Climate Case Chart Updates – January 2017


Posted on January 9th, 2017 by Jessica Wentz

Each month, Arnold & Porter Kaye Scholer LLP and the Sabin Center for Climate Change Law collect and summarize developments in climate-related litigation, which we also add to our U.S. and non-U.S. climate litigation charts.  If you know of any cases we have missed, please email us at columbiaclimate at gmail dot com.

HERE ARE THE ADDITIONS TO THE CLIMATE CASE CHARTS SINCE UPDATE #93.

FEATURED CASE

D.C. Appellate Court Said Climate Scientist Michael Mann’s Defamation Claims Could Proceed Against Authors and Publishers of Two Articles

The District of Columbia Court of Appeals upheld in part and reversed in part a trial court’s denial of special motions to dismiss defamation claims made by the climate scientist Michael Mann against three authors of online articles and Competitive Enterprise Institute and National Review, Inc., which published the articles on their websites. The Court of Appeals also reversed the denial of special motions to dismiss Mann’s claim of intentional infliction of emotional distress because the appellate court concluded that Mann had not demonstrated that he was likely to succeed in proving that he suffered severe emotional distress. The articles at issue in the action asserted that Mann had been “shown” to have behaved in a “deceptive” and “most unscientific manner” because he “molested and tortured data in the service of politicized science”; that he engaged in “academic and scientific misconduct”; that an investigation by his employer Pennsylvania State University was a “whitewash” or “cover-up”; and that a lawsuit threatened by Mann was “fraudulent” or “intellectually bogus and wrong.” The articles also likened Penn State’s investigation of Mann’s work to the university’s investigation regarding its former assistant football coach Jerry Sandusky, who was convicted of child sexual abuse. The appellate court concluded that a reasonable jury could find that statements in two of the articles were false, defamatory, published by appellants to third parties, and made with actual malice. In finding that Mann had met his burden of showing that a jury could find “actual malice” with respect to two of the articles, the appellate court said it would be for a jury to determine the credibility of the appellants’ assertions of “honest belief” in the truth of their statements and whether the belief was maintained “in reckless disregard of its probable falsity.” It would also be for a jury to consider the appellants’ objections to multiple investigation reports that found no evidence of misconduct by Mann. Competitive Enterprise Institute v. Mann, Nos. 14-CV-101, 14-CV-126 (D.C. Ct. App. Dec. 22, 2016).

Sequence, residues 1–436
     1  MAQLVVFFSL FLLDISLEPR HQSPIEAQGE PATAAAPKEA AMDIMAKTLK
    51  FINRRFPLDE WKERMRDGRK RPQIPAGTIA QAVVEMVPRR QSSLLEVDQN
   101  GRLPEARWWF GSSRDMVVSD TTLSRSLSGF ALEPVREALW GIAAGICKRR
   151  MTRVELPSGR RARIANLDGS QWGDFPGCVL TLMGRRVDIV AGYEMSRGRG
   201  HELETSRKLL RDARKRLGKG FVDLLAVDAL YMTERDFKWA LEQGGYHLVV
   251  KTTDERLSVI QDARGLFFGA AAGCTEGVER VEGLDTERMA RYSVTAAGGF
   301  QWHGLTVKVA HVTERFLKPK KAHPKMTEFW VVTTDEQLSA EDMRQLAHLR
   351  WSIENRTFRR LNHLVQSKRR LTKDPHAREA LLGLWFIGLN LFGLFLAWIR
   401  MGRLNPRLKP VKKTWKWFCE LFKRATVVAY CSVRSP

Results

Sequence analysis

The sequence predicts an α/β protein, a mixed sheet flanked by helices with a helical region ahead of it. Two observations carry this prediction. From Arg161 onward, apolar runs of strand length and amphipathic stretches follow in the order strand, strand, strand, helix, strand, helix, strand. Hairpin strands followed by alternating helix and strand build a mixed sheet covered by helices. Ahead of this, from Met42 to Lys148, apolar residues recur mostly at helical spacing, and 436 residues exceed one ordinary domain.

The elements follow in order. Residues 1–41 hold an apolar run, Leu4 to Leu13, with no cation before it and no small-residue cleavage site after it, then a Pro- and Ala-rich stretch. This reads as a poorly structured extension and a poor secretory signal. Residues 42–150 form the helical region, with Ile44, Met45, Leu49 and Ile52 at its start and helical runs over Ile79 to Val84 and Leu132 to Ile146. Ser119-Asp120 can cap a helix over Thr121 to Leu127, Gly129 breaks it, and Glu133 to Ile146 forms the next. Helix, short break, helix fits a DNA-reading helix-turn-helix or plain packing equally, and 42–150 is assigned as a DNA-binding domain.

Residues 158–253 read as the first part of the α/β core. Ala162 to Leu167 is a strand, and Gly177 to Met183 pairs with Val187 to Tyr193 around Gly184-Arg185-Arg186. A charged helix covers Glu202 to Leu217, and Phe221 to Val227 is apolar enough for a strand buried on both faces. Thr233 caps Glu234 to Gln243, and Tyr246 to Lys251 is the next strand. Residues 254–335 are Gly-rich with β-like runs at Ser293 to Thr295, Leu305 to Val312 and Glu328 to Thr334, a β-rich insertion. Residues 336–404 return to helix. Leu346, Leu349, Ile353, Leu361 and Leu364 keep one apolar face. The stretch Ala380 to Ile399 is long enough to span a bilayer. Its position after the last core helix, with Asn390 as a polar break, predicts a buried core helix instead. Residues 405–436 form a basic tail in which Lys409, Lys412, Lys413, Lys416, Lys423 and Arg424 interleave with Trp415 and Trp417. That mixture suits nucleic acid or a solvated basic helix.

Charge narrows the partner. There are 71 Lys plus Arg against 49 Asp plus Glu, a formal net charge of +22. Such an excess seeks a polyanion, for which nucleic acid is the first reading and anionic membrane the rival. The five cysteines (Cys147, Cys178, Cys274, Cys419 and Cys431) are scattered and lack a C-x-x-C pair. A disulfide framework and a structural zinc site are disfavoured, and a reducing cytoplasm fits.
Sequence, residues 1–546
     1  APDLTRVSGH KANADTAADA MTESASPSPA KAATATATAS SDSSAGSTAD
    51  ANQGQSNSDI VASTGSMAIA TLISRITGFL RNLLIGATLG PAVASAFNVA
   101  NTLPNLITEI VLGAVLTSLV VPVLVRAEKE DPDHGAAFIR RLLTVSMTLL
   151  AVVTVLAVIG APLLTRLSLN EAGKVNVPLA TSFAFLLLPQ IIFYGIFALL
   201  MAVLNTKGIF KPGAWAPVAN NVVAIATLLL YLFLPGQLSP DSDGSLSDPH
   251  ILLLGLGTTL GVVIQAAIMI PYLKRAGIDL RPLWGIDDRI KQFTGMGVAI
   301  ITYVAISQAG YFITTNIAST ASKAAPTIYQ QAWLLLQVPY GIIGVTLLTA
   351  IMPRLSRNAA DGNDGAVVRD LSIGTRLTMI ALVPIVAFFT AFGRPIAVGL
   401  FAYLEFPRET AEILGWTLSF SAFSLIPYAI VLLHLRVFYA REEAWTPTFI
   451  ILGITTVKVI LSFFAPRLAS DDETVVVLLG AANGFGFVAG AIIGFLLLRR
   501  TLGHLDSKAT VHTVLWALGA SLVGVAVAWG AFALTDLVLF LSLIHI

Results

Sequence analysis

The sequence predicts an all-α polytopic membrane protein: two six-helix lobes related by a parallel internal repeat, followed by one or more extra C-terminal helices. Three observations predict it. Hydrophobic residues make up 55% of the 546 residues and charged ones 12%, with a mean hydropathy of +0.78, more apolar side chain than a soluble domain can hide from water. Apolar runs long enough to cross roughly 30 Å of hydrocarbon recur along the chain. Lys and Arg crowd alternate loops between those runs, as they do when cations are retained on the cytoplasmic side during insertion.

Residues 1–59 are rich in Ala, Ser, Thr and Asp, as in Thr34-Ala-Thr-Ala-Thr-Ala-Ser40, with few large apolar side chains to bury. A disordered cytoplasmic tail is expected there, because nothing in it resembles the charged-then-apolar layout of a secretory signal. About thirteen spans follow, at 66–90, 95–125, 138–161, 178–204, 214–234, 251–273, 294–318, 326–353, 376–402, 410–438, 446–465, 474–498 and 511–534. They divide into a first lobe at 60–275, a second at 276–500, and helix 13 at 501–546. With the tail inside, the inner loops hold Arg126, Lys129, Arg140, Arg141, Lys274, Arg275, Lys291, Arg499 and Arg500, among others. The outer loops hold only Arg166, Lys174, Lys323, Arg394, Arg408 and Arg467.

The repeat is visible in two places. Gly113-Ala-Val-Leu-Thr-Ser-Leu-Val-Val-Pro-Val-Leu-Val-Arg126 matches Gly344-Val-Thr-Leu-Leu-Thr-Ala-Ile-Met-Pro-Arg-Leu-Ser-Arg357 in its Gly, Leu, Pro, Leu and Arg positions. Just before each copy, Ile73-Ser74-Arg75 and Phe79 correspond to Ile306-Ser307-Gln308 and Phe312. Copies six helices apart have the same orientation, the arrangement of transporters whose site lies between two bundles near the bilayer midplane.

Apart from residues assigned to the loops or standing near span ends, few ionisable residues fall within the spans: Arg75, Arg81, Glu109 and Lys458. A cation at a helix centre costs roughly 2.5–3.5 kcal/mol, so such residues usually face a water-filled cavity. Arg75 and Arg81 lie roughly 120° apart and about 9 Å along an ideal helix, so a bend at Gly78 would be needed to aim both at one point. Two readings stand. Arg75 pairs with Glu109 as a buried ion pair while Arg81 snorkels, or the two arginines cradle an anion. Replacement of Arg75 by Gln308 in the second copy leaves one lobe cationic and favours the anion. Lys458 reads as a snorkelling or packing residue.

DECISIONS AND SETTLEMENTS

Washington Trial Court Allowed Children to Allege Public Trust Doctrine Climate Claims, Found Earlier Appellate Decision Affirming Dismissal of Such Claims Unpersuasive